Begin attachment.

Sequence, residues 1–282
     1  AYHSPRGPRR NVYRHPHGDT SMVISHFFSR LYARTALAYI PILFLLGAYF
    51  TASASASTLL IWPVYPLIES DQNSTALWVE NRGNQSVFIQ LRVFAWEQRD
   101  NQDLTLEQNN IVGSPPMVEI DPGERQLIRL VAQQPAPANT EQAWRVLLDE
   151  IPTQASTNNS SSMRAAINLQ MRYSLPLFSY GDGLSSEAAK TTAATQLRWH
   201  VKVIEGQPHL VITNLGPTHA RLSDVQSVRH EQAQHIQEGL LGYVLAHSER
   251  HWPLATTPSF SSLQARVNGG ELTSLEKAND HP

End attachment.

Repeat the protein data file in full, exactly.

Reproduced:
Sequence, residues 1–282
     1  AYHSPRGPRR NVYRHPHGDT SMVISHFFSR LYARTALAYI PILFLLGAYF
    51  TASASASTLL IWPVYPLIES DQNSTALWVE NRGNQSVFIQ LRVFAWEQRD
   101  NQDLTLEQNN IVGSPPMVEI DPGERQLIRL VAQQPAPANT EQAWRVLLDE
   151  IPTQASTNNS SSMRAAINLQ MRYSLPLFSY GDGLSSEAAK TTAATQLRWH
   201  VKVIEGQPHL VITNLGPTHA RLSDVQSVRH EQAQHIQEGL LGYVLAHSER
   251  HWPLATTPSF SSLQARVNGG ELTSLEKAND HP